Following on from the above: I do think that if Dymalovski’s performance skills were much more polished than they are then perhaps the material could work, even as it is. However the character really is let down by the performance. Pedinski is an old Jewish woman but Dymalovksi’s accent is terrible by virtue of being entirely inconsistent. It slips regularly on certain words and is, at best, a very rough impression of a Jewish accent. His mannerisms are . . . vague. Lots of arm waving and gesticulation that seem out of place and lack confidence in the execution. Good actors make choices, clear, confident choices in their movements. There is a concept known as economy of movement – the idea that actions are tied to specific ideas and/or emotions actors want to communicate. It is quite a fundamental part of actor training and it is there, among other things, to stop actors from moving for no apparent reason. In spite of the very small stage space, Dymalovski manages to break from any economy of movement throughout the piece – but this can also be contributed to the direction from Ned Harper Stanford, Dymalovski’s collaborator, who should have helped cull all of the unnecessary motions and gestures and help Dymalovski pick moments of poignant movement that connect the character to the dialogue and both of those to the audience. There are also a couple of sight gags but these don’t really achieve much or amount to anything special.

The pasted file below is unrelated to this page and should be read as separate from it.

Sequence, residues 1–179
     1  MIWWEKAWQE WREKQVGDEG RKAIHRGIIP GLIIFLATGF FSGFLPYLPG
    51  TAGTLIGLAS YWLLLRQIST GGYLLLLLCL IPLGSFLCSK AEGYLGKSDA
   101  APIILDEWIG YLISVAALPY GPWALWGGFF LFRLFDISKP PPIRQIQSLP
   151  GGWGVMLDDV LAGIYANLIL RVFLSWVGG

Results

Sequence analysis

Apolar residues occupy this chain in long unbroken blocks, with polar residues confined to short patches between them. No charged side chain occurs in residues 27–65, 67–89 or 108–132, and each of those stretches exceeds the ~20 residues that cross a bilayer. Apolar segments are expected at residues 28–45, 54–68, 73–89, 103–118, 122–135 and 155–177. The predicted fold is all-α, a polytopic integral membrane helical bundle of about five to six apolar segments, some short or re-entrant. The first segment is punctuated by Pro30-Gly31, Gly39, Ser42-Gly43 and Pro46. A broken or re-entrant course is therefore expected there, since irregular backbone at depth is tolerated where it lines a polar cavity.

If there is one saving grace to the performance it is Dymalovski’s dedication to the piece at hand – the energetic delivery and the ability to get through a one hour monologue with little to no stumbling or blank moments. And even this is somewhat marred by Dymalovski dropping in and out of character every so often. Little smiles that belong to the actor when delivering certain lines he finds amusing rather than delivering them sincerely as Jan. This ties in with what I was saying about Humphries’ serious and respectful treatment of Edna – stay in character, commit to it. You are a man playing a woman so it is particularly important to keep on task or else you fall into poor caricature. If that is your intention, that’s fine too – I have no issue with the hideous caricatures of women that the members of Monty Python portrayed throughout their careers. But these were deliberately grotesque - a choice - because nobody was going to believe that these men were women. And yet, even with this choice, the consistency of their portrayals actually mean that I understand instinctively that the characters I am watching are women. With some proper training and experience Dymalovski could bring a character like Jan Pedinski to life and leave the audience no doubt that they had just spent an hour with an old Jewish woman ruminating on her life. From a tech point of view there is not much to comment on – the venue was equipped as a stand-up comedy space – very small stage, fixed set/backdrop that bore no connection to the performance and some very simple lighting – only a couple of LED lamps from what I could tell. There was no sound or music. None of this really detracted from the performance which is sold (or not sold) entirely off the back of Dymalovski’s performance and his writing.